Need for a National Gang Prosecution Law
This is in no way meant to shortchange the courageous law enforcement personnel and outstanding prosecutors who have worked Safe Streets cases. Political leadership has deprived them of what is required to defeat America’s Gang Crisis, namely, a federal anti-gang prosecution law.
To this point, Georgia Bureau of Investigation Director Vic Reynolds and Chief Counsel Mike Carlson, have insightfully observed, “Most Americans would be astonished to discover that, despite the devastating size, scope, and magnitude of gang crime, no federal statutory framework specifically designed to prosecute gangs exists.” Acting Cobb County District Attorney John Melvin similarly remarked in a column with Chief Counsel Carlson, “Incredibly, notwithstanding the enduring, ubiquitous, and metastasizing epidemic of gang crime, there remains no set of federal laws specifically designed to prosecute gangs or gang members for their gang-motivated crimes.”
Currently, federal law only houses a weak and basically unused “sentence enhancer.” U.S. Congress passing an anti-gang prosecution law is needed.
Georgia’s Street Gang Terrorism and Prevention Act would provide a tremendous model. As Fuller E. Callaway Chair of Law Emeritus Ronald L. Carlson of the University of the Georgia School of Law has correctly imparted, “The federal [gang sentence enhancement] statute was described by one federal prosecutor as ‘unworkable.’ Perhaps this explains the hesitant application of its provisions. Comprehensive anti-gang frameworks, like Georgia’s model, are far more impactful against the gang epidemic.”
Conclusion: Improve Safe Streets with a Federal Gang Prosecution Act
Southern District of Georgia United States Attorney Bobby Christine has stated that a “persistent, steadily increasing, relentless surge of prosecution” is required to overcome our gang crime crisis—what some have correctly referred to as an “occupation.” Without a specifically tailored law to prosecute gangs at the federal level, national efforts to combat gangs will continue to be hamstrung. The low numbers associated with Safe Streets are a reflection of this legal failure, not that of Safe Streets agents or prosecutors.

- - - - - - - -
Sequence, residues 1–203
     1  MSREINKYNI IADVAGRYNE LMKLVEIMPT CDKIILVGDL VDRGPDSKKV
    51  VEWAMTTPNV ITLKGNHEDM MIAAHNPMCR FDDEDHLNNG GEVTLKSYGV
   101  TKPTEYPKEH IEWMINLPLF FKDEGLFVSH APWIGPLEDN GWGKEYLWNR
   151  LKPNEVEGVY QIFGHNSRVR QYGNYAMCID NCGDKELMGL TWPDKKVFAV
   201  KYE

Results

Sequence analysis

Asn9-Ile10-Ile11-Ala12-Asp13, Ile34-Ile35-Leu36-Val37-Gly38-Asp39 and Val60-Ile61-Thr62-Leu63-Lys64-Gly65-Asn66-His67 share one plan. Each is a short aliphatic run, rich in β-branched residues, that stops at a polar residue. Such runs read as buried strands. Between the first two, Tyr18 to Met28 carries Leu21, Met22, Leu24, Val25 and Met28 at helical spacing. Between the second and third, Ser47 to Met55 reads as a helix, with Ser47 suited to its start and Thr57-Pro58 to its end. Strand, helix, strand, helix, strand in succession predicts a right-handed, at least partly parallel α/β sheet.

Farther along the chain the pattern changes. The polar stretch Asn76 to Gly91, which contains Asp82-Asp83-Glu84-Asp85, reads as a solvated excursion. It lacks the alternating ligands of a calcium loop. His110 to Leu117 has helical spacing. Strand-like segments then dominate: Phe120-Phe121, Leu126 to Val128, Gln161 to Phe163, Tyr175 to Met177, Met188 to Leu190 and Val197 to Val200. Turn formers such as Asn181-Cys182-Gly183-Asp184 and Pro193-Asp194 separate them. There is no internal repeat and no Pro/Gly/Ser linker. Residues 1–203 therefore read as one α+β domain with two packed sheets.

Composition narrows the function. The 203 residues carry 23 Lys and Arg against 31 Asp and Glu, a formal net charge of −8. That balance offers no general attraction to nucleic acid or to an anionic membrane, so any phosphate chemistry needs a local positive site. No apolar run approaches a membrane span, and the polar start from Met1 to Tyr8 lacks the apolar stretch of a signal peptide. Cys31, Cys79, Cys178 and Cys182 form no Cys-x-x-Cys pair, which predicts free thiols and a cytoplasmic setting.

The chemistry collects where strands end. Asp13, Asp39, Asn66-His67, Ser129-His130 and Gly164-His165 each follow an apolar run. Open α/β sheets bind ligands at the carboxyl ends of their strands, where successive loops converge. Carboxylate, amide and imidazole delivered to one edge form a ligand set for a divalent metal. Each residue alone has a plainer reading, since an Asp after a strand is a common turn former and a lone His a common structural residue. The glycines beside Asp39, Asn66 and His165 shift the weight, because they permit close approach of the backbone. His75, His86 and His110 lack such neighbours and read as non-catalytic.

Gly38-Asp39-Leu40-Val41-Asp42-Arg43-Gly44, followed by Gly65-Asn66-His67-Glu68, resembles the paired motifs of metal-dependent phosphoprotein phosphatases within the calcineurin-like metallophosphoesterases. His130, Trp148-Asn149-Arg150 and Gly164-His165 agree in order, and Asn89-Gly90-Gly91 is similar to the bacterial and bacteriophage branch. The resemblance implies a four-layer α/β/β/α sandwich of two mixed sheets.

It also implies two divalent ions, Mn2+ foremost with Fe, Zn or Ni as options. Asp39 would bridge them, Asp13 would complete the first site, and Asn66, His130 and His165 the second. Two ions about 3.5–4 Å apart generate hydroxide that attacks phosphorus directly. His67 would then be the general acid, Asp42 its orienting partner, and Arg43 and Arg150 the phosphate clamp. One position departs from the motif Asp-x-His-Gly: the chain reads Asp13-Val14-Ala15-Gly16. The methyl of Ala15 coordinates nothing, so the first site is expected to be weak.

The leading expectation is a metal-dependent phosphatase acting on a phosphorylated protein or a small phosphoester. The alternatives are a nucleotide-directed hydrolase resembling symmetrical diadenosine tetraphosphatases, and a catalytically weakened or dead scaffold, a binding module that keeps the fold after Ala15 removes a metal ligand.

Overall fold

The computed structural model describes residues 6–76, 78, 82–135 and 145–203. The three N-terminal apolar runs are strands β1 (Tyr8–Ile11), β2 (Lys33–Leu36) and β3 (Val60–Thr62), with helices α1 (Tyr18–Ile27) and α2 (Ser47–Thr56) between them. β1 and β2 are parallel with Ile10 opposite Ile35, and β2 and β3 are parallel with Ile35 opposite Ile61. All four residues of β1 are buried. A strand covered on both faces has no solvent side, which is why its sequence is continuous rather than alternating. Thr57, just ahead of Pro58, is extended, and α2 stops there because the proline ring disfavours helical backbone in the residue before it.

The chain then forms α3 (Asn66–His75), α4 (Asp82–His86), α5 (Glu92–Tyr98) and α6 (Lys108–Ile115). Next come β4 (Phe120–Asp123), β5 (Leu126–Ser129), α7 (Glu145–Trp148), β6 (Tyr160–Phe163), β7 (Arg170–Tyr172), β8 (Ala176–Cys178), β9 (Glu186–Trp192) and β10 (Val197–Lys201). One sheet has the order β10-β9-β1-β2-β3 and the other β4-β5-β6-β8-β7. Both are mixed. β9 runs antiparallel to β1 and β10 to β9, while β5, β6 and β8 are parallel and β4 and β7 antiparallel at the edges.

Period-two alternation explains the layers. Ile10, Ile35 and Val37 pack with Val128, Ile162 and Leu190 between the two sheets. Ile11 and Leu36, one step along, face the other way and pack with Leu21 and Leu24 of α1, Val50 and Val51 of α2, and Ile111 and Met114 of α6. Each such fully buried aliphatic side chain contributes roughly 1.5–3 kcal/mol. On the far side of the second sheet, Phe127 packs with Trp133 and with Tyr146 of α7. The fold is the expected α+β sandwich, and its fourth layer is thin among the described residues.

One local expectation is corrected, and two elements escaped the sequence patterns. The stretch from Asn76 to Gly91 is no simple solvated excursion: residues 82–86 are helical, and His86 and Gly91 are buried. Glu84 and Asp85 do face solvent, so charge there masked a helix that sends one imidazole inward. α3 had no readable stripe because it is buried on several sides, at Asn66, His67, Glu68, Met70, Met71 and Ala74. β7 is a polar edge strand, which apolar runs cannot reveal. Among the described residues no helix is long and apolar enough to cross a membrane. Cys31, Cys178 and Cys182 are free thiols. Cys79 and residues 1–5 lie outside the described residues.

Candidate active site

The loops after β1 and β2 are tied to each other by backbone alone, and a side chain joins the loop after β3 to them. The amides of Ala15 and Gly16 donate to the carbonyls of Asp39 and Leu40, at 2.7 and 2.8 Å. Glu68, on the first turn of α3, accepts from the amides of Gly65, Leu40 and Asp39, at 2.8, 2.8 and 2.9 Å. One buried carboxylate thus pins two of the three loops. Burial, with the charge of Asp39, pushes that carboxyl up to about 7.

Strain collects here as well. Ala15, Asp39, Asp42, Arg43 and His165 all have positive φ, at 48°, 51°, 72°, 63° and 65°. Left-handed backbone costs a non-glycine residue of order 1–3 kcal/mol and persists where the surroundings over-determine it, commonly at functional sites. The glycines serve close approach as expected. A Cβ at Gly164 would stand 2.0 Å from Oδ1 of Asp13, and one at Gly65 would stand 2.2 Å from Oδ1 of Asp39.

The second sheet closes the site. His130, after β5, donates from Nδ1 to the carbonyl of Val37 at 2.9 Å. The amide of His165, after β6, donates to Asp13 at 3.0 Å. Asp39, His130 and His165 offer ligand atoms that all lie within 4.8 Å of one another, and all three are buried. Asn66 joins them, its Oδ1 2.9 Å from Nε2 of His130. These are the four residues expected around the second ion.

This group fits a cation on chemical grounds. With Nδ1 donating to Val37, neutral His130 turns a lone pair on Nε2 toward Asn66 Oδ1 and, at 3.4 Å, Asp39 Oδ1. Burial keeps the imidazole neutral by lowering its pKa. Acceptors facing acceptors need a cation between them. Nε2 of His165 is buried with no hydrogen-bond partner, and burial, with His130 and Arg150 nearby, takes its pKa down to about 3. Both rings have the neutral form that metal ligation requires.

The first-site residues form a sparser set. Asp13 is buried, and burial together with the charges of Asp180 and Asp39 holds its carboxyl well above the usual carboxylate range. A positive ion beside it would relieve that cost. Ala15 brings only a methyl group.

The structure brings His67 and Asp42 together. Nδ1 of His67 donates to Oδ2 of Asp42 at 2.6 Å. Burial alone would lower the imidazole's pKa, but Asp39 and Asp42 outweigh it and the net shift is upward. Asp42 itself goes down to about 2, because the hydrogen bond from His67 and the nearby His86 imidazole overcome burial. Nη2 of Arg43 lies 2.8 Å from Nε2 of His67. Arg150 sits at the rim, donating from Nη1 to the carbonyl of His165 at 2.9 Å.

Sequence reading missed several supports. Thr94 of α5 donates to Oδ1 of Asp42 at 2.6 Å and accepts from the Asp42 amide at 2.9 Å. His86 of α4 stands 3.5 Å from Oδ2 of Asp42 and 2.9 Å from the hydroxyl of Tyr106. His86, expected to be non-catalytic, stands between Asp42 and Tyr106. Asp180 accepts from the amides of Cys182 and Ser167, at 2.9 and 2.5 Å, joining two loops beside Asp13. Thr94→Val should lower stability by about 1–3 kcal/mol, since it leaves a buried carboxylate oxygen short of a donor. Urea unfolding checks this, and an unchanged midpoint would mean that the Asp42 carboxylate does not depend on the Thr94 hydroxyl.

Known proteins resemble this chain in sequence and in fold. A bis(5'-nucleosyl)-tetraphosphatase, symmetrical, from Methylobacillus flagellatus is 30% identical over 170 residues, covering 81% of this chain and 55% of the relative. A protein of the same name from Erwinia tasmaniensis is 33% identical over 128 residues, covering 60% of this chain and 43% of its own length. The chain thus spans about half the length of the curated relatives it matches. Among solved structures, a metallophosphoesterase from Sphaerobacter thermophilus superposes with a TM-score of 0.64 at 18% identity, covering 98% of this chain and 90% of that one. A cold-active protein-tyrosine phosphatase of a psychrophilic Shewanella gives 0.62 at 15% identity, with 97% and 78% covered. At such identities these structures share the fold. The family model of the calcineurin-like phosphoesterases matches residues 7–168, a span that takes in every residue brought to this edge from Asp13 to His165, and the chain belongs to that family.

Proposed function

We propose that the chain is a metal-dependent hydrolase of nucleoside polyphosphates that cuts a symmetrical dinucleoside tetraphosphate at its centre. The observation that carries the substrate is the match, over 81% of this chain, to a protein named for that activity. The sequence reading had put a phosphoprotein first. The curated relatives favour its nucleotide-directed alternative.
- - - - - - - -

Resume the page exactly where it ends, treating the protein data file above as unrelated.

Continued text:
A functioning federal gang prosecution law patterned after Georgia Street Gang Terrorism and Prevention Act would provide a direct legal outlet for FBI’s “increased focus” on gangs. Passage of a national anti-gang act would also foster the goals of Safe Streets, improve national public safety, and better serve the public to which they are sworn to protect.
In this upcoming political season, we will see who rises to this occasion. Regardless, GGIA and organizations like it will remain devoted to raising best practices, standards, and awareness when it comes to the threat of gangs.
James “Jimmy” Callaway serves as the President of the Georgia Gang Investigators Association and is the Chief of Police for the City of Morrow, Police Department in Metro Atlanta, Georgia. Mr. Callaway has authored this column in his personal capacity. The views expressed above are the Author’s own and do express those of the Georgia Gang Investigators Association or the City of Morrow.